Military-ruled Myanmar plans to sell more than 1,300 lots of jade and gems this week in an auction that has become an important source of revenue for the junta, official media said Tuesday.

The sale will include 312 lots of gems and 1,029 lots of jade, apparently making it about half the size of the last sale in July, the New Light of Myanmar newspaper said.

The 890 buyers — including 335 foreigners — have been viewing the lots since Monday and sales start Thursday, the newspaper said.

Myanmar used to hold gem and jade auctions once or twice a year but they have been taking place with increasing frequency, providing the cash-strapped junta with much-needed foreign income.

The next one is already set for October and the government has threatened to punish mining companies by limiting their exploration work in the future if they fail to bring enough jade and precious stones to the sale.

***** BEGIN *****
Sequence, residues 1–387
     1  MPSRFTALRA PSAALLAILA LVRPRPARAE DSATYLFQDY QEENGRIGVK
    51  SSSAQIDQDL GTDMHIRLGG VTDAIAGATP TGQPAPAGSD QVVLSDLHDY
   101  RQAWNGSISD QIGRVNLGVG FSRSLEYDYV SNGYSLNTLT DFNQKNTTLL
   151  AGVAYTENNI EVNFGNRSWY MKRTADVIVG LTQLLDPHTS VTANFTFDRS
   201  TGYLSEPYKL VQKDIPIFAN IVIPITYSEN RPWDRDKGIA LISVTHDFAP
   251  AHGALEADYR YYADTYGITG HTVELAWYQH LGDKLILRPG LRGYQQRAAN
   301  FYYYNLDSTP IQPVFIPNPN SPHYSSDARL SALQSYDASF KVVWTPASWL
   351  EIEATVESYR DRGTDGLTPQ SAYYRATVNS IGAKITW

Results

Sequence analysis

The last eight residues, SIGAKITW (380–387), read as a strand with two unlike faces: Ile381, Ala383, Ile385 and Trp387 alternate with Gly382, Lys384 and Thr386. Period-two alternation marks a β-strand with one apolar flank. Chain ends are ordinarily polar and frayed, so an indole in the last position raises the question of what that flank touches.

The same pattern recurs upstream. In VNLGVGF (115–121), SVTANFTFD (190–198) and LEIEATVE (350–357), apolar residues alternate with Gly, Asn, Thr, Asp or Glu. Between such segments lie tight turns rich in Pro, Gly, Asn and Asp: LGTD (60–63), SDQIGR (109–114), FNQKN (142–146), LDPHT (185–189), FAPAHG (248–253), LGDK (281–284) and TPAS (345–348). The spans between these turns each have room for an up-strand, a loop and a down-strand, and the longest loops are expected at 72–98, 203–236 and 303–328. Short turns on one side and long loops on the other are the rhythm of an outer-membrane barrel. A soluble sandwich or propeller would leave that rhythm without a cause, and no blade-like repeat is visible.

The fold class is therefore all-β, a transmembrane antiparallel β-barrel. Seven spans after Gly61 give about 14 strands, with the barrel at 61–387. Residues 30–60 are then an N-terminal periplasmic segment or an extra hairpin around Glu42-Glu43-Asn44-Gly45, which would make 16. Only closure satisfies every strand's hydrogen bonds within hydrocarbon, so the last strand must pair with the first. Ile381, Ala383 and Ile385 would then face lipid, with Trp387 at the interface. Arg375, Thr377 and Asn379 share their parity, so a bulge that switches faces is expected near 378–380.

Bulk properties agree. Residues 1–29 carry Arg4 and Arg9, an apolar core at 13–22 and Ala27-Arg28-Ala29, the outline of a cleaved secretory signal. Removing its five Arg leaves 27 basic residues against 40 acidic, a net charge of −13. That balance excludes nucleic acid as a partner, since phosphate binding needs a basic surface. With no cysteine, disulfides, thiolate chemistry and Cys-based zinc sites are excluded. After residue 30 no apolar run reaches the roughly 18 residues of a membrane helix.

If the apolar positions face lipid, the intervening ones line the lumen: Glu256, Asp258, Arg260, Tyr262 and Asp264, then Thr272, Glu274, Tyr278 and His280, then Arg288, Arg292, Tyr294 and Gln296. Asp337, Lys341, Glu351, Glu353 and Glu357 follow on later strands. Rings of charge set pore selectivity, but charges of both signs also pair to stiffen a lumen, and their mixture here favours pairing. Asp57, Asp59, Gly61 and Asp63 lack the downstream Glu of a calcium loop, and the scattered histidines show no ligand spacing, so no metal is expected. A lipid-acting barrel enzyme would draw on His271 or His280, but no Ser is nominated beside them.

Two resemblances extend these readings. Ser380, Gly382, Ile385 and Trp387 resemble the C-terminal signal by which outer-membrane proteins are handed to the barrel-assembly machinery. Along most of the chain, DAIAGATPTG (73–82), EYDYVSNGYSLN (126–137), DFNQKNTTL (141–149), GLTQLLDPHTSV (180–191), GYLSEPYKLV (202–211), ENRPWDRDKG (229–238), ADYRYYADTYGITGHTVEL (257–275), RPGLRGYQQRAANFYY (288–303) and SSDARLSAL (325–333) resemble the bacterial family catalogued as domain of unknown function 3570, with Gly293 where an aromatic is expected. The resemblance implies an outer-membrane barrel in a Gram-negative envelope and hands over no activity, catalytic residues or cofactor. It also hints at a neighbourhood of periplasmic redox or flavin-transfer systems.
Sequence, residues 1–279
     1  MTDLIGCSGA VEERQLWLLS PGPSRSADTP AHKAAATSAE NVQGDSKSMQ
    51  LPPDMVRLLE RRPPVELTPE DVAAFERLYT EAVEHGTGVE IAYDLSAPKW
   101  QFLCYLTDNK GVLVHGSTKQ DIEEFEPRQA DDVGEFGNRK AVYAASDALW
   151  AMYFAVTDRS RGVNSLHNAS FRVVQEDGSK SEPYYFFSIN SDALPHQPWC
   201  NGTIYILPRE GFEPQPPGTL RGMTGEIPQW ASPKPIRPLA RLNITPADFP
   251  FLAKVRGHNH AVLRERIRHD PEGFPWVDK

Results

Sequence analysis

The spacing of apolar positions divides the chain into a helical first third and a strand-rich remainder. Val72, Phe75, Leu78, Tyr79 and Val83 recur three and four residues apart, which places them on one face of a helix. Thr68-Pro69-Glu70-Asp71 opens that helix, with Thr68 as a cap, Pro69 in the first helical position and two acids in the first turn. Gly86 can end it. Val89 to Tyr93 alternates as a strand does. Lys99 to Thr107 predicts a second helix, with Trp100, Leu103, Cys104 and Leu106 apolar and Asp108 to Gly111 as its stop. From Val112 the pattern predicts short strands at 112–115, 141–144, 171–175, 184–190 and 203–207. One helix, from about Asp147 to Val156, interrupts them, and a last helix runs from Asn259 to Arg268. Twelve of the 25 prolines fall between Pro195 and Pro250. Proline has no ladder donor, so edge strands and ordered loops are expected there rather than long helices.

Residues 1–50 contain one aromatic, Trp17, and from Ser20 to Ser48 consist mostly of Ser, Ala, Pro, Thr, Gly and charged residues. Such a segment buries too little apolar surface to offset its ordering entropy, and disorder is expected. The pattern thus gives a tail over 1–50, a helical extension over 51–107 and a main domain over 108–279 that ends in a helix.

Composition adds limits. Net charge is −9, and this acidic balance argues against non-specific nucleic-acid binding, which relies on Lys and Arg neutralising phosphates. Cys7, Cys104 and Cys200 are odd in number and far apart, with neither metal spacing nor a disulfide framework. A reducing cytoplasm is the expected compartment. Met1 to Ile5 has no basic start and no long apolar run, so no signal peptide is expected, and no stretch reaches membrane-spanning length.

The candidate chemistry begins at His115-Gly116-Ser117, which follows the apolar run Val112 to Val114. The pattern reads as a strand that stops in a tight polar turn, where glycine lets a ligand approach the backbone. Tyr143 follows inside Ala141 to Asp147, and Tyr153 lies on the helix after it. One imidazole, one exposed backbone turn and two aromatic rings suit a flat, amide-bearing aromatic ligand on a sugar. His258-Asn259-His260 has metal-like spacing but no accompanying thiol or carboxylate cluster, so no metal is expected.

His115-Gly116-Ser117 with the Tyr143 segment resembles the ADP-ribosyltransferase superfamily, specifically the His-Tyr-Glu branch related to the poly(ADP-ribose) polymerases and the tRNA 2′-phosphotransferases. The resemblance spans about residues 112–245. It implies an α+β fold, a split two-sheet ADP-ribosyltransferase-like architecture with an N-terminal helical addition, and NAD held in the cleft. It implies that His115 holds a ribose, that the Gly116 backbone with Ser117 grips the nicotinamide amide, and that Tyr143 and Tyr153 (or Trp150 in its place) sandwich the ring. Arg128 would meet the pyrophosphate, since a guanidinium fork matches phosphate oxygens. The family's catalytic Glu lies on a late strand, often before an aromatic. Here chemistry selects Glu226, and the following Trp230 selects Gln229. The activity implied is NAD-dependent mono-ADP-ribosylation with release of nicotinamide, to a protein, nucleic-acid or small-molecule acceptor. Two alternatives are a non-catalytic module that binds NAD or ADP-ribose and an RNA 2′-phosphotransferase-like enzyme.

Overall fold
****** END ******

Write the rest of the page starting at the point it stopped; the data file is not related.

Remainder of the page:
July’s auction was the biggest ever, with 2,300 lots of jade being sold to merchants including 1,450 foreigners.

The junta has been reluctant to say how much it earns from the auctions but estimates run into tens of millions of dollars.

Myanmar is one of the world’s poorest nations and is subject to US and European economic sanctions because of human rights abuses and the house arrest of democracy leader Aung San Suu Kyi.

The impact of the sanctions has been weakened, however, by the eagerness of neighboring China, India and Thailand to tap Myanmar’s vast natural wealth to fuel their own growing economies.

Myanmar can boast of significant natural gas and mineral resources, as well as highly-prized teak. The timber often disappears onto the black market which is estimated to be at least half the size of the formal economy.